U.S. Court of Appeals for the Sixth Circuit

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Sixth Circuit addresses “motivating factor” test for ADA claims

May 25, 2012

The Sixth Circuit Court reversed the judgment below and remanded the case for a new trial. The court held that trial courts instructing juries in ADA cases should rely on the 'but-for' reasoning developed in Gross v. FBL, rather than the “motivating factor” standard put forth by the plaintiff.

U.S. Chamber files amicus brief in ADA case

August 10, 2011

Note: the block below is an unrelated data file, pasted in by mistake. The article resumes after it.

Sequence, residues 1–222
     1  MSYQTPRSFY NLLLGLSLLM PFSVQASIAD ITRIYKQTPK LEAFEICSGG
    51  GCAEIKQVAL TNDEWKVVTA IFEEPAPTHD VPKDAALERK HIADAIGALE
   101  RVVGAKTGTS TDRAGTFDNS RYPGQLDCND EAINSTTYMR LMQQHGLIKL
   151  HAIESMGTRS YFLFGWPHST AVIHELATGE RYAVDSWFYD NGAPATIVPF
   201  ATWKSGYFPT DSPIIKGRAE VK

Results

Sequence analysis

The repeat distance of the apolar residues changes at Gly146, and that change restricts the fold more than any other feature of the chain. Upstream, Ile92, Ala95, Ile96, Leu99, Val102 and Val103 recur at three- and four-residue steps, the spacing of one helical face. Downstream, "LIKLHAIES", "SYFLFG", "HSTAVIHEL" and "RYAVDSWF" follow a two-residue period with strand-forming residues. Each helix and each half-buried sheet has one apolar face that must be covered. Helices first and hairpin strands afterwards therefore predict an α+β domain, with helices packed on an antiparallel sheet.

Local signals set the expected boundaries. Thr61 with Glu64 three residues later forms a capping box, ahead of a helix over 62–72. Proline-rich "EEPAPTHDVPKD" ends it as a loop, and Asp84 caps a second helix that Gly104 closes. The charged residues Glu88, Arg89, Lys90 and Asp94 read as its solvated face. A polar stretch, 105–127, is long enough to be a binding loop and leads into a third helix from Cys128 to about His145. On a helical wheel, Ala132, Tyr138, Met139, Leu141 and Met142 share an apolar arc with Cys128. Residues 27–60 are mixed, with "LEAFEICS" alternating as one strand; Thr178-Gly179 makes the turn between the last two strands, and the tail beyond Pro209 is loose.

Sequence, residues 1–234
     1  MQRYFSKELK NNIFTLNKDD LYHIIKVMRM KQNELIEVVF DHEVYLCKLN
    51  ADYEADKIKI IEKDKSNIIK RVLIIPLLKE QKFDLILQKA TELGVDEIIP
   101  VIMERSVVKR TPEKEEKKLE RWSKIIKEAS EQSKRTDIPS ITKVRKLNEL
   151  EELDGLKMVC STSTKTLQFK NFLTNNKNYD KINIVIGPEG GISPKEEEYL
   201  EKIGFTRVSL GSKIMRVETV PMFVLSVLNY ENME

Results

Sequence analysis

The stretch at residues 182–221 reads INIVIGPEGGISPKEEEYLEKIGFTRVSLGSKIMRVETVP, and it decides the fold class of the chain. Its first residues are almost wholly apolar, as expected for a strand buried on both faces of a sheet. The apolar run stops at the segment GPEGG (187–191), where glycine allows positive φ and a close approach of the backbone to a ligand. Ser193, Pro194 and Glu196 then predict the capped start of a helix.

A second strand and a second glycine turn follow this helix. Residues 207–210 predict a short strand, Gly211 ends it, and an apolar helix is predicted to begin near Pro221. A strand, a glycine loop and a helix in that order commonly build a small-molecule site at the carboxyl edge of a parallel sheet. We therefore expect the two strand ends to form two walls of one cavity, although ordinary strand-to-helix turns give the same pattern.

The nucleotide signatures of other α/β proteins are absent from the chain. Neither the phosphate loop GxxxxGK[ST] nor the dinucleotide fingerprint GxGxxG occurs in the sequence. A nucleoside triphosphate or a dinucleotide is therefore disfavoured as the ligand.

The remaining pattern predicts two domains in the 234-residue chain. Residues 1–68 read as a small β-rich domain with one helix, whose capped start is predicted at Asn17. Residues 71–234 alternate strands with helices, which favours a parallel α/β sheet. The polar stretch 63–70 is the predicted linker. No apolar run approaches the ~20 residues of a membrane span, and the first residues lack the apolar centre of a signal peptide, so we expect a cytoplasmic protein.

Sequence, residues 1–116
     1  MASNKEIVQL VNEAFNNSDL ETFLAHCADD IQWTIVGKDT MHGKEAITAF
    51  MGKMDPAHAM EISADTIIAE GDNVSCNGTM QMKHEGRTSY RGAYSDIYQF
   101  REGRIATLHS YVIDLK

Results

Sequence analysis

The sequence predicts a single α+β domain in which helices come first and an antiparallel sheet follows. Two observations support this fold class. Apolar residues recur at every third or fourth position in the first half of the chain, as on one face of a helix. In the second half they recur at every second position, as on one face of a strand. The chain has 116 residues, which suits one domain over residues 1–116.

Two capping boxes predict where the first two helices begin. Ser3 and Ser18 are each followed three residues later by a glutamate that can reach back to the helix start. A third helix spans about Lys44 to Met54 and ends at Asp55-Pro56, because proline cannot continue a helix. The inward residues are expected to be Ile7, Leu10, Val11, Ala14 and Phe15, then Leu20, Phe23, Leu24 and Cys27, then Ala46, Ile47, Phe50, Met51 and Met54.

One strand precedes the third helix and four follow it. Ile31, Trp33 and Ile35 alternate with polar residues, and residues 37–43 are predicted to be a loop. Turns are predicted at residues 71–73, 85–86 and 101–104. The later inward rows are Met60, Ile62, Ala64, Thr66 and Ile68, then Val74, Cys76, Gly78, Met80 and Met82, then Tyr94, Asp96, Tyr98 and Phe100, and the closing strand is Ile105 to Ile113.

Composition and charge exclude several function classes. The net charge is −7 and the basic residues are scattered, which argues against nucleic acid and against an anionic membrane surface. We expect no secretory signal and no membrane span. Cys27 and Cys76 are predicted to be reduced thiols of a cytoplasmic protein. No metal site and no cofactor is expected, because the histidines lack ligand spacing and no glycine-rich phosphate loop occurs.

NCLC urged the Sixth Circuit, rehearing this case en banc, to hold that the Americans with Disabilities Act (ADA) requires plaintiffs to demonstrate that disability was the primary motivation for an adverse employment action. The plaintiffs in this case contend that the court should use a “motivating factor” test to hold employers liable for allegedly unlawful discrimination under the ADA. NCLC argued that the “motivating factor” test is prohibited under the plain text of the ADA. NCLC also argued that the U.S. Supreme Court's reasoning in Gross v. FBL Financial Services, where the Court held that the Age Discrimination in Employment Act bars “mixed motive” actions, applies equally to the ADA. NCLC warned that an improper standard of proof for ADA claims would subject employers to a greater risk of costly, frivolous litigation.

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